Why we need to talk about Kim Kardashian and body positivity

It’s time for the hyper-popular reality TV star – who had to relearn how to breathe in order to fit into her wasp-waisted Met Gala dress – to step away from dangerous body image territory

NEW YORK, NY - MAY 02:  Kim Kardashian attends the Balmain and Olivier Rousteing after the Met Gala Celebration at The Gilded Lily on May 2, 2016 in New York City.  (Photo by Paul Zimmerman/Getty Images)
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"So, Anna, if I don't sit down for dinner, now you know why," Kim Kardashian West says, addressing Vogue editor Anna Wintour in a video of her final dress fitting ahead of the 2019 Met Gala. In the same shot, the reality TV star's minuscule corseted waist can be seen as she hovers uncomfortably over a chair, reiterating: "I cannot hardly sit."

It’s difficult to get past that tiny waist, and the fact that a woman used a garment to alter her body so dramatically that she was unable to sit down. When she arrived at the Met Gala on May 6, Kardashian’s waist looked so impossibly small that people began to speculate that she’d had ribs removed to achieve the look.

This extreme sartorial suggestion was then dubbed “#waistgoals” by a number of fans, and within days, how-to articles entitled “Plastic surgeon reveals how to get a body like Kim Kardashian”, had been written and published.

Metropolitan Museum of Art Costume Institute Gala - Met Gala - Camp: Notes on Fashion - Arrivals - New York City, U.S. - May 6, 2019 - Kim Kardashian West and Kanye West. REUTERS/Mario Anzuoni
Kim Kardashian at the Met Gala. Photo: Reuters

Fortunately, Kardashian had not gone to the length of removing actual bones from her body to wear the Mugler dress and Mr Pearl corset to the fashion fundraiser; instead she had trained herself to breathe differently. No biggie.

“Seven months in the making and fittings in Montreal, Paris and LA. Corset breathing lessons from none other than Mr Pearl. It was worth it all,” the mother-of-four captioned an Instagram post of her first meeting with Manfred Thierry Mugler. So, on top of being unable to sit, Kardashian had to relearn another basic human function, breathing, in order to be able to attend a ball. That seems a little extreme, no?

The star is no stranger to the waist trainer, a form of corset, and has spoken about the 24-inch waistline it has helped her achieve in the past. For the Met Gala, experts estimate Kardashian was able to reduce her waist by a further four to six inches. That’s a dramatic drop by anyone’s standards.

How the Kardashians made 'kurves' 'kool'

Body positivity and the Kardashian family have a complex relationship. There is the argument that they are responsible for setting a new standard when it comes to body image, and that they made the ideal a more “realistic” woman with curves – a far cry from the waif-esque image of female beauty.

So Kim Kardashian's two Met Gala looks, while different, both accentuated her unrealistically small waist and wide hips / thighs. Leading young girls and women to believe it's all 'natural' is crazy and dangerous

Debates over body-type appropriation aside, I believe the standards set by the women in the Kardashian clan are as, if not more, dangerous than those set by the ultra-thin set of the 1990s. “People need to stop glamorising Kim Kardashian’s waist because that ain’t healthy,” one Twitter user wrote, with another noting: “So Kim Kardashian’s two Met Gala looks, while different, both accentuated her unrealistically small waist and wide hips / thighs. Leading young girls and women to believe it’s all ‘natural’ is crazy and dangerous. I’m just waiting for the ‘KKW waist challenge’.”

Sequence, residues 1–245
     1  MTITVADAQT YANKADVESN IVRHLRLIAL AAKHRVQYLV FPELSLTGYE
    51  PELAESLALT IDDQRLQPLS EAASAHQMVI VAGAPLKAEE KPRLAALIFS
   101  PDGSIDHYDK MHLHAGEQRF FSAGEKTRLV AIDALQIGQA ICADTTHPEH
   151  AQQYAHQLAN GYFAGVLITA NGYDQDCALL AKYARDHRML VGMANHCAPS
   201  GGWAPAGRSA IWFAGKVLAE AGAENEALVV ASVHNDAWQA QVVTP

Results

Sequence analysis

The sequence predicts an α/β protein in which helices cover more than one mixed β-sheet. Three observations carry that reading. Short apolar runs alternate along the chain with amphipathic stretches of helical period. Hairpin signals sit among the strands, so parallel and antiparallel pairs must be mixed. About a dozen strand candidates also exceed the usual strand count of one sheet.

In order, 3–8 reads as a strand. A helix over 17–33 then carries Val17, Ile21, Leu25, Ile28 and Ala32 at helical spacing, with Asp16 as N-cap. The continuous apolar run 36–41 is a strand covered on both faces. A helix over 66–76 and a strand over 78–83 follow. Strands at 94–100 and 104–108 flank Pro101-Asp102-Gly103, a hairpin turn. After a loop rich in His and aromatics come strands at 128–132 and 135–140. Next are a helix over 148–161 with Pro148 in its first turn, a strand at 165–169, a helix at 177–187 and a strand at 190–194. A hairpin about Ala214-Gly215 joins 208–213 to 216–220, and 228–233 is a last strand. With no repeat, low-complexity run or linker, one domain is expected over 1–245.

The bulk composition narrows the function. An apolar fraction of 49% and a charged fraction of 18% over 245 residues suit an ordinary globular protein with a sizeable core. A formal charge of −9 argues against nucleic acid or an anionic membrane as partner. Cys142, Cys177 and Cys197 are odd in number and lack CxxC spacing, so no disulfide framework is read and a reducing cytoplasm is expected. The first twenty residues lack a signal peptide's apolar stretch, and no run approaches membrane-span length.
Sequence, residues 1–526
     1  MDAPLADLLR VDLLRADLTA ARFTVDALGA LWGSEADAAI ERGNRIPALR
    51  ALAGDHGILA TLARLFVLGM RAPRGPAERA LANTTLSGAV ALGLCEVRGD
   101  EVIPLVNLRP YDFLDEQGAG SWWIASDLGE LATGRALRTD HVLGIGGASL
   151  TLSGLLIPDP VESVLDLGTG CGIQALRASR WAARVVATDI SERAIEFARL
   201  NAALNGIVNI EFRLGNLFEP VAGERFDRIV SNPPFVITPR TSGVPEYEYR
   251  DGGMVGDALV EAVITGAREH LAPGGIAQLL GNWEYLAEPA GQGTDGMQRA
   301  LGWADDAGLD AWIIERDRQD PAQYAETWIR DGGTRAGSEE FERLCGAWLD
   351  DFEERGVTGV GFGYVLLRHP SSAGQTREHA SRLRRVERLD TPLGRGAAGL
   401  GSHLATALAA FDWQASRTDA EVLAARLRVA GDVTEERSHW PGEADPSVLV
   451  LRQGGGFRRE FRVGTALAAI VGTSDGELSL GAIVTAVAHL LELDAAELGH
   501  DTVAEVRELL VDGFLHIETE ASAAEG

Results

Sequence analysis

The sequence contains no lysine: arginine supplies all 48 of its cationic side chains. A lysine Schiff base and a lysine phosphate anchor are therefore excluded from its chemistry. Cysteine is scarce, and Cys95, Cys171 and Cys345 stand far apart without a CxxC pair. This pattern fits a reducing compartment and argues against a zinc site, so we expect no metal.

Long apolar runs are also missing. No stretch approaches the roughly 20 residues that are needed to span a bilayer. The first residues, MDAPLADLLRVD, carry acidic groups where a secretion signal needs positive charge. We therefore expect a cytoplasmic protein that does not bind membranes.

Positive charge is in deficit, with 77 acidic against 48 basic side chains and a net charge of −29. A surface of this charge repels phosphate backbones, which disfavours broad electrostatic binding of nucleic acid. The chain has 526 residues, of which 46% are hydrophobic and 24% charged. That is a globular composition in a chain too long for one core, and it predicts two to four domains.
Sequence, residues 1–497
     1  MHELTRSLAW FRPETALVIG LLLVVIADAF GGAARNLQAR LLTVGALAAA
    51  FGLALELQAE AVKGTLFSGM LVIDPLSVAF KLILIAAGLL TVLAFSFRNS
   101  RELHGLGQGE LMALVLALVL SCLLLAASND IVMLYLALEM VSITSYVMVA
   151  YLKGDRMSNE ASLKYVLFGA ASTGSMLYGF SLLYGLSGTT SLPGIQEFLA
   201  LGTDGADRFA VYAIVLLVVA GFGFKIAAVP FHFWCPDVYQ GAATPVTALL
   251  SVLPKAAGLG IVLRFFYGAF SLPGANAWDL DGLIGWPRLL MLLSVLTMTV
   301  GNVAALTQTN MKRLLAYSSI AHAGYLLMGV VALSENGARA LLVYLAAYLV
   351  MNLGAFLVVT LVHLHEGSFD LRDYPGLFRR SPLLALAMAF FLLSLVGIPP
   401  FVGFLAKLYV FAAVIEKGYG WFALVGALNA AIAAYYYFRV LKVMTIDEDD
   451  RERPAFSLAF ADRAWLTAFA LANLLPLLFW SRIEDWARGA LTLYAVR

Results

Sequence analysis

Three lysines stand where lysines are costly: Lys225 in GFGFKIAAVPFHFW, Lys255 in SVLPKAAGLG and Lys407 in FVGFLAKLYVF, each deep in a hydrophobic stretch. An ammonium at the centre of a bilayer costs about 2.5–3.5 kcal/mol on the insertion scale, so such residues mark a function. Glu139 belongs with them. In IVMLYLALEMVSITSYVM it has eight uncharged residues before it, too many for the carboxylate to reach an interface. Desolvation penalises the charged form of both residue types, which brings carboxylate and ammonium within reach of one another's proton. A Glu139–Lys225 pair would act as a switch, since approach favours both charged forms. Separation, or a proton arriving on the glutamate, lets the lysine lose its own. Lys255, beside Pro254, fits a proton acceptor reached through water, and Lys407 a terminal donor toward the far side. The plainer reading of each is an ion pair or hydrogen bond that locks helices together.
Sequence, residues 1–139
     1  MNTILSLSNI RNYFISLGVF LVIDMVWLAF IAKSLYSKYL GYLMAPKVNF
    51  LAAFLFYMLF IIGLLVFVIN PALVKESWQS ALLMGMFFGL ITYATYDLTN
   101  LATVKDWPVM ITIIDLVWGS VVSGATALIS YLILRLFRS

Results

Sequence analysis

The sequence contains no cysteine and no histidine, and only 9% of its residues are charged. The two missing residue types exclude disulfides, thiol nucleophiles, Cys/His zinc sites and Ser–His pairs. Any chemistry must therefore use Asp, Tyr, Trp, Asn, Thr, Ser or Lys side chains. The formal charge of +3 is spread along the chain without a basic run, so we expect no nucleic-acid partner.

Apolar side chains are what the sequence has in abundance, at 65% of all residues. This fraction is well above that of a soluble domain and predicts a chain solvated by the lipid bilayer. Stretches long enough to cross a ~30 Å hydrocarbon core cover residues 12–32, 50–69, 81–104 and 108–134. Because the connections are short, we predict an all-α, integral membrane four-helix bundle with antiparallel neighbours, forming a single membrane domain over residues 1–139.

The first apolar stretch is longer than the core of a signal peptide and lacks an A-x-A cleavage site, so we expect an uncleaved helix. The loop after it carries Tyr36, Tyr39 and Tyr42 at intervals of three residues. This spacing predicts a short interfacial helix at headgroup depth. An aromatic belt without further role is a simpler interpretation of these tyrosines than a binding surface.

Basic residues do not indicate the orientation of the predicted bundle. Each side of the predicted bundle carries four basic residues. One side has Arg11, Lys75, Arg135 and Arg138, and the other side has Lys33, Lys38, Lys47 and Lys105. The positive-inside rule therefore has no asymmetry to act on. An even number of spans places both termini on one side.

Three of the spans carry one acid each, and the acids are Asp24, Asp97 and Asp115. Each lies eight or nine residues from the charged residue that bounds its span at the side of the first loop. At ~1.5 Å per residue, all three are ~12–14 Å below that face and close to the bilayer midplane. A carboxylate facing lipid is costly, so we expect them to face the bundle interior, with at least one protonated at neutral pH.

Fans also reached out to Kardashian directly, commenting on her post about her breathing lessons, writing, “Also maybe mention how wildly dangerous corseting that extreme is to your body … let alone just regular corseting / waist training.”

Kardashian's personal trainer, Melissa Alcantara, rushed to her defence on social media: "To make things clear. 1. This dress is corseted BUT 2. Kim trains six days a week, she wakes up early and is dedicated," Alcantara wrote on an Instagram Story. "I see her train and I see her sweat and I see all the work she does outside the gym and THAT is commendable!"

The controversial history of corsets

Alcantara’s opinion lends credence to the fact that corsets are, in the words of Valerie Steele, director of The Museum at the Fashion Institute of Technology, “probably the most controversial garment in the history of fashion”. The bid to achieve the desirable “wasp waist” in the 18th and 19th centuries has long been described as harmful by doctors, who warn of displaced organs and spinal issues if the garments are used for a prolonged time.

In 2008, when Kardashian and her hourglass frame exploded on to the celebrity scene, there was almost a collective sigh of relief that her more realistic body standard was stepping out from behind the shadow of a waif-like Paris Hilton. Hilton, herself, has admitted to being dangerously thin at the height of her fame.

However, more than a decade on, Kardashian seems to be stepping into the same dangerous territory. It's not for me to say what a woman does with her body: many women choose to wear shoes, dresses, jeans and bras that restrict them from walking, sitting and breathing comfortably.

What the average woman doesn't have, however, is 138 million Instagram followers, who hang off her every word, whether she is touting appetite-suppressing sweets, laxative teas or a brand-new waist. The fact is, Kardashian is one of the most visible women in the world, and seemingly everything she does is copied by innumerable girls and women. And therein lie the perils of the Kim ­Kardashian effect.